Most of his cards are nearly worthless. Unfortunately the combination of being under appreciated in conjunction with his arrival in baseball during massive overproduction of cards, means his values may never rise much.
He is also a victim of the steroid era diluting his numbers. Not because he is suspected of steroids, but because the steroid users redefined offensive greatness.
His rapid decline did come right around when steroid testing was implemented. But it also came at about the time a natural player would drop off considerably. The arc of his career is in line with a natural career. Some things we will never know for certain.
The voters may be hungry to hang blame on an entire generation of players and in 2010 Alomar may get sucked into the vortex. It will be interesting. I hope it is not heartbreaking.
His rare cards may be a good investment right now. Or not.
After the Alomar hit my hopes were high. But then I was machine gunned with bad hit after bad hit.
Doesn't it seem like a million years ago when Hee-Seop Choi was considered a strong prospect? He's only 30. In 2009 he played for the Kia Tigers in South Korea. He helped the Tigers win the league. He's still hitting home runs (33) and still walking (103).
I had been randomly picking packs from the box. At about the halfway mark my only hit that was actually a star player was the Alomer jersey from the first pack. I had received about half the serial numbered cards by that point. Combined with the above game used, I was beginning to conclude the set had too many junk hits.
But this turned out to be a heck of a comeback box.
In back to back packs I pulled:
Alright! A player connected to the Brooklyn Dodgers. Can't go wrong with Mr. Hodges. The print run on this is 1200 although it's not serial numbered. Not a low count but I don't care.
Wade Boggs! (1500 print run, no s/n.) Chicken before every game. Another wonderful player who doesn't get the attention he earned. Boggs had a swing you could recognize from a mile away.
Cobb used to say he could hit home runs if he wanted to. In fact, as the story goes, he told a reporter he was going to show Ruth that a great hitter can hit home runs at will. He supposedly stated he would swing for the fences for the next two games. Cobb went on to hit five home runs in those two games, no small feat for a man who hit just 112 home runs in the other 3033 games of his career.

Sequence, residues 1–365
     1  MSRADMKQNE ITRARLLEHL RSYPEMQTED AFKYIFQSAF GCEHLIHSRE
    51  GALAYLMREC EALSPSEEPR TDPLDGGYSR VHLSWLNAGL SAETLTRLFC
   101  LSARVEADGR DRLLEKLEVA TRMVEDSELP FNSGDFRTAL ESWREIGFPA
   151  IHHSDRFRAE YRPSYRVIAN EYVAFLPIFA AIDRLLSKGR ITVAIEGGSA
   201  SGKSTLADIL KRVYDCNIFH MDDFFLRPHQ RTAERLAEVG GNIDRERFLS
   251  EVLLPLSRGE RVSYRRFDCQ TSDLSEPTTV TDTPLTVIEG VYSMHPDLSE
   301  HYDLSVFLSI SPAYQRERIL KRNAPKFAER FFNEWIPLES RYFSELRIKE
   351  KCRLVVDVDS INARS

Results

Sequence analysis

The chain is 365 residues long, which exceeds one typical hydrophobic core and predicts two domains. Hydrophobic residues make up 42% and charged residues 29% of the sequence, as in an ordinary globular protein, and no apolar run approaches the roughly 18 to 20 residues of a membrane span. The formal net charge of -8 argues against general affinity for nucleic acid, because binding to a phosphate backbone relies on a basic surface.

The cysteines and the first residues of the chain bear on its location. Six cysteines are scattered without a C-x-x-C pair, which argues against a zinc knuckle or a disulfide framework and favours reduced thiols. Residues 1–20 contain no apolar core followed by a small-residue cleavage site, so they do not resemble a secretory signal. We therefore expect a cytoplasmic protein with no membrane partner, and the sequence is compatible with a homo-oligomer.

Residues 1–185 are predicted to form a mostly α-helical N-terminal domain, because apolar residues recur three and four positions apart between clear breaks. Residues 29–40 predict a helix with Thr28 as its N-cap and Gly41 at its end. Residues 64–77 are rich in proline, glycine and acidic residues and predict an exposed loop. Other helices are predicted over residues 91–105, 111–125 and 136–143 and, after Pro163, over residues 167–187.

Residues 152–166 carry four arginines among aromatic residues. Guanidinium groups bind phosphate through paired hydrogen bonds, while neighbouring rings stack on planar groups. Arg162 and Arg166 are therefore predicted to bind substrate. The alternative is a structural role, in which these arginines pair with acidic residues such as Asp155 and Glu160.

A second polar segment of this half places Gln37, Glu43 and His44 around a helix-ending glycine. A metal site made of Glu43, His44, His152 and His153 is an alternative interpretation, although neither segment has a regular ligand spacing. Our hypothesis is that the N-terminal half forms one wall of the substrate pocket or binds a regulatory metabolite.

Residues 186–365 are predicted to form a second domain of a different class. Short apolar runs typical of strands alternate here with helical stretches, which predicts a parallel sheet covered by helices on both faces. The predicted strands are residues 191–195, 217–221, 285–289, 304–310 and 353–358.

They say Ichiro could hit for power if he wanted to as well, citing his batting practice home run shows.
Boggs was another one of those "he could hit home runs if he wanted to" guys. But as all of them say, it would take them out of their game. I've always been suspicious of the whole claim that they chose not to hit for power.
Boggs did in fact hit 24 home runs in a season that he "tried" to hit them out. He also hit .363 that year so it didn't seem to negatively impact his game at all. However that was in 1987 and we know that everyone hit home runs that year. Boggs's power dipped back to its usual level in 1988 (5 home runs).
I am a big admirer of Boggs, home run debate aside.
Now we're cooking!
Three nice hits in a row. (500 made, no serial number.)
Then with four packs left the success of the box was sealed:
Roberto's auto serial numbered 2/9. Wow!
Yes of course I knew I pulled this when I was listing all his stats under his game used jersey card. Look, I'm trying to raise his value through propaganda. No, honestly I am a huge fan and am so happy and stunned to pull this card. The bottom right corner has a small ding but I don't care. I'm thrilled. This is the lowest numbered print run of any auto in my collection.
After having some below average luck with a few different hobby boxes, the last two have been so exciting. This is precisely why I'd rather stay in all night playing with cards than go to a movie. I'm so addicted and I love it.
Below is the checklist for the base set. I've also pictured the stated odds for the inserts. Click 'em to read 'em.
Thanks for checking in and good luck to you all with your fun box breaks!